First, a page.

These are trees on my walk to work at the hand tool school. Beech, oak, cherry, ash, walnut, laurel and rhododendron line the road all the way. Limbs drop and culling provides a reasonable supply of small stock and next weekend (2-3 April 2011) we begin our Discovering Woodworking workshop in the best place for discovering woodworking, which is in these woods.  Join us on the blog for daily updates and uptakes of questions.

Many if not most woodworkers spend no time considering the trees from which we source our wood. Magazine writers and editors, tool makers, machine makers and suppliers and woodworking catalogues have no association with the forest floor and the woodlands  yet we depend on their knowledge to enlighten us as to what tools, machines and equipment we need to work wood. So, anyway, I think this to be a good place to at least look at and meditate on our ongoing dependency on this amazing resource.

We will be looking at some important stuff that most modern-day woodworkers know nothing about. It’s fast paced I admit. We have a lot to get through to lay the foundation, but it will encourage and inspire them in dozens of ways to reconsider both how and why they work wood and introduce them to methods they never dreamed possible at all.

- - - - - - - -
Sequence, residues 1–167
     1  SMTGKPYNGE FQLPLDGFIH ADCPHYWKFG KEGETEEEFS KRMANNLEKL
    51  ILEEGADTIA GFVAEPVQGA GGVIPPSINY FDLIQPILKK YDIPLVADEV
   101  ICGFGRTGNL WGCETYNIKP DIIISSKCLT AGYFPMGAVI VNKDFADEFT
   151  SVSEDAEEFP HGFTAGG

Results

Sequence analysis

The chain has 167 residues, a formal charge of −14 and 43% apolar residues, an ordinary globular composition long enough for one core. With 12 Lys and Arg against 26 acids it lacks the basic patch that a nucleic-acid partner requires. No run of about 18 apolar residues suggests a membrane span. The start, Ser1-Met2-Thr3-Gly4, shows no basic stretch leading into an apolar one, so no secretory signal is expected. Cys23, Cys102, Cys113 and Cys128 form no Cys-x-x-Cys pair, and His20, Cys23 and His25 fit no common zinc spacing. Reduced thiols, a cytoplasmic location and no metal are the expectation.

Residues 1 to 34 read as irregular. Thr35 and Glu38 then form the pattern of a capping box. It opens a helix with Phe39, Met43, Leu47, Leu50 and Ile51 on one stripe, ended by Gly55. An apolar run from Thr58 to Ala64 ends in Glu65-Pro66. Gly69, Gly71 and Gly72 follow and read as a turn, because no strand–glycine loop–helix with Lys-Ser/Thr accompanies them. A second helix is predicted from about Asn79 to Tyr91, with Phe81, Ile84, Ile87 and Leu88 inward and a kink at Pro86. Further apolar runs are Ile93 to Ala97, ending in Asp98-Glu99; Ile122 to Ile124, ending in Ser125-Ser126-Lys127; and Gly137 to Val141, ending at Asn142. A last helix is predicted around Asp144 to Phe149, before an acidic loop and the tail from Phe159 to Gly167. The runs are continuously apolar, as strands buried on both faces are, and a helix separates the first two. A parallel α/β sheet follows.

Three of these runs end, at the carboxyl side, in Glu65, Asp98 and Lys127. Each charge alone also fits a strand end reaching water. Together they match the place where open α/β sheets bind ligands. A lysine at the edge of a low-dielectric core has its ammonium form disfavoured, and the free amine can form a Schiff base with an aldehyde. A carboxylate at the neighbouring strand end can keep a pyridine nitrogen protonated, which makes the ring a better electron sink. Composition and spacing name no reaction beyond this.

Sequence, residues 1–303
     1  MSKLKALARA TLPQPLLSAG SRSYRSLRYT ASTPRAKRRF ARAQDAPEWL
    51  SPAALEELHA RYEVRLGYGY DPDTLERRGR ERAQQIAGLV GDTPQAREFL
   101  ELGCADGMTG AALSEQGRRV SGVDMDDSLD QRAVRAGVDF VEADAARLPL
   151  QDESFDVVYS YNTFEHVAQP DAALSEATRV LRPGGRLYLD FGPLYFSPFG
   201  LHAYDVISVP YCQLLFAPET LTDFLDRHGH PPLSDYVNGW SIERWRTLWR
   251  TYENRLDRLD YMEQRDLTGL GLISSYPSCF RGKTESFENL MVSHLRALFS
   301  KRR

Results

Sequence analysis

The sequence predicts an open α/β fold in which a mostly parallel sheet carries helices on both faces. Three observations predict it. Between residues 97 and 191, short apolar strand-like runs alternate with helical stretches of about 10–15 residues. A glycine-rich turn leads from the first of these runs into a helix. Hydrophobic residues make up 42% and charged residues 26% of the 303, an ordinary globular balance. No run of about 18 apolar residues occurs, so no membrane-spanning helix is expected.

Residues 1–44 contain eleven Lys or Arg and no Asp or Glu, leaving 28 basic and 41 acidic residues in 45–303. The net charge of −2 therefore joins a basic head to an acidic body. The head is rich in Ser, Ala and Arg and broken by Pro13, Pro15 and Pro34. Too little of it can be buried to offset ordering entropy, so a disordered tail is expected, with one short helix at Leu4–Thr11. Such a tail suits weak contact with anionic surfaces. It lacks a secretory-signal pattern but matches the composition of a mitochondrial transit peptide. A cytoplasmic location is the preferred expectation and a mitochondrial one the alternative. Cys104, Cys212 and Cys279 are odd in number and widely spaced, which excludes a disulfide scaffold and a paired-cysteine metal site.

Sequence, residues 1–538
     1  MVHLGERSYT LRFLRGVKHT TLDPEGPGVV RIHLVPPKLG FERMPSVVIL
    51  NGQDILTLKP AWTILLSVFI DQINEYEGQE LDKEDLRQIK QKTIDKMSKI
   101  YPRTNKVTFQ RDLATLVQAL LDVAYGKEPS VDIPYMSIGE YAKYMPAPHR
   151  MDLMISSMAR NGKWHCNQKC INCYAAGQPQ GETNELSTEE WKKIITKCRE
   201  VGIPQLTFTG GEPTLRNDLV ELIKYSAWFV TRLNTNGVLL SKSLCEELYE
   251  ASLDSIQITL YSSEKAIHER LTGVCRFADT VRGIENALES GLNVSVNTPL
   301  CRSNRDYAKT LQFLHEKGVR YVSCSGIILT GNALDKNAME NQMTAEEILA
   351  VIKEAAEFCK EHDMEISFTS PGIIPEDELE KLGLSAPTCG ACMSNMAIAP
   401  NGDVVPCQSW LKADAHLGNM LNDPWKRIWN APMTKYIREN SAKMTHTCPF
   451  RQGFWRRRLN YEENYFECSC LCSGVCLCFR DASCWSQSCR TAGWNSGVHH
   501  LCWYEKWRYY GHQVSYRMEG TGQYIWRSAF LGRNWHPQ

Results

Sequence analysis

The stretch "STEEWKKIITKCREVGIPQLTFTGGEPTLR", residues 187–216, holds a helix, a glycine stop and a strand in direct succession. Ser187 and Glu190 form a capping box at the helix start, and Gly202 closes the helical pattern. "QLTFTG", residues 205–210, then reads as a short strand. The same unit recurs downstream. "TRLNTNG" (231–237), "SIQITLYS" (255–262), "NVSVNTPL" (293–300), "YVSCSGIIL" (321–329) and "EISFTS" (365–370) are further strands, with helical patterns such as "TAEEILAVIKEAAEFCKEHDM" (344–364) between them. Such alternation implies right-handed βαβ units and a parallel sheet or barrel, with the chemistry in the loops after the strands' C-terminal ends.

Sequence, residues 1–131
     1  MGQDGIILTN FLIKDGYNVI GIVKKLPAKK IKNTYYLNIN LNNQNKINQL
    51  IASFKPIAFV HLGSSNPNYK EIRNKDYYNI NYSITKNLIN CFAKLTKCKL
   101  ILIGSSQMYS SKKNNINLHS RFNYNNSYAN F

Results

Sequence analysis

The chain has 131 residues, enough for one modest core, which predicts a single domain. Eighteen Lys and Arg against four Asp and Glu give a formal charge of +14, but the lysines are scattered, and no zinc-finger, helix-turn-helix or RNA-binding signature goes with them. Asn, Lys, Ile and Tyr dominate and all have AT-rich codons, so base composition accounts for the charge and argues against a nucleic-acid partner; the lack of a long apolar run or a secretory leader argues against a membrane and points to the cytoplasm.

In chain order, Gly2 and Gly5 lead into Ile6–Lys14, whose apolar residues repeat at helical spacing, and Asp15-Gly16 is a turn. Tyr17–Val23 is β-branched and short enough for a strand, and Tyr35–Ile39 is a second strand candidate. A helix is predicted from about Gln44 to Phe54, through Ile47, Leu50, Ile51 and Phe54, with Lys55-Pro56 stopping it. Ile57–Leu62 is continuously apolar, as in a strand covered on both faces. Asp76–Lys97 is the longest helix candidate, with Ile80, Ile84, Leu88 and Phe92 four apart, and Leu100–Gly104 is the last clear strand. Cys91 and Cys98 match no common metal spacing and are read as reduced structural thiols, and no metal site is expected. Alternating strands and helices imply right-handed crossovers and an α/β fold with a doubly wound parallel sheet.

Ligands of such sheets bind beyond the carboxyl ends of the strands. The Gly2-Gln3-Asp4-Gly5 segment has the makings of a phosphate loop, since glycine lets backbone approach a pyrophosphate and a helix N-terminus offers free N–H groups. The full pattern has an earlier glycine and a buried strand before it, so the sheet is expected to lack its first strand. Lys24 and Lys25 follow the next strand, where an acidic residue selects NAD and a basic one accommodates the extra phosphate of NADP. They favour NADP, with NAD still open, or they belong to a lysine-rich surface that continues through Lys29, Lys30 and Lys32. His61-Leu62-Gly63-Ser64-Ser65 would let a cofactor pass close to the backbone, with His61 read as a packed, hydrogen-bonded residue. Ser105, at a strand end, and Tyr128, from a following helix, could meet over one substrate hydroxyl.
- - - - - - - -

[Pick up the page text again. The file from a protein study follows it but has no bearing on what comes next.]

Most people now live in a culture that has shifted to the point that they no longer even know a furniture maker, split wood gathered for firewood from the woods or has any engagement in real woodworking.

See you next weekend!

  • Hasan on Imagine…those carved pieces are very beautiful. It's almost unbelievable that they can be done with hand. I seem to never understand how one is made. Is there a video or a book so one can…
  • Thomas Olson on Sharp TalkingI also love to sharpen. One of the greatest ways I know to relax.
  • Dennis Sheehan on Sharp TalkingAs a plumber I drilled or cut many round holes usually anywhere from 1/2” through 8” and the benefit of a sharp bit and new worm was self evident at the end of the day . The master…
  • Joe on Sharp TalkingThanks Paul. I followed your advice regarding diamond stones. Have my three and have never looked back. They work well and I'm blissfully ignorant of any other way and happy to rem…
  • Patrick Sadr on Sharp Talking"I do use a coarse abrasive, cloth-backed, to reestablish a damaged bevel and so on, or if I have gone out of square." Paul could you please go on about this? I do vaguely remember…
  • Brandon Wilson on Sharp TalkingPaul: *is an expert and a Sellers and talks about sharpening* Also Paul: *complains when "expert sellers" talk about sharpening* (yes, I know I'm not the first and probably won't b…
  • Jerry Stark on Sharp TalkingI certainly agree with Paul on this one. The more time I have spent wood working, the more I have realized that it is better to build skills than it is to buy machines. (I could ha…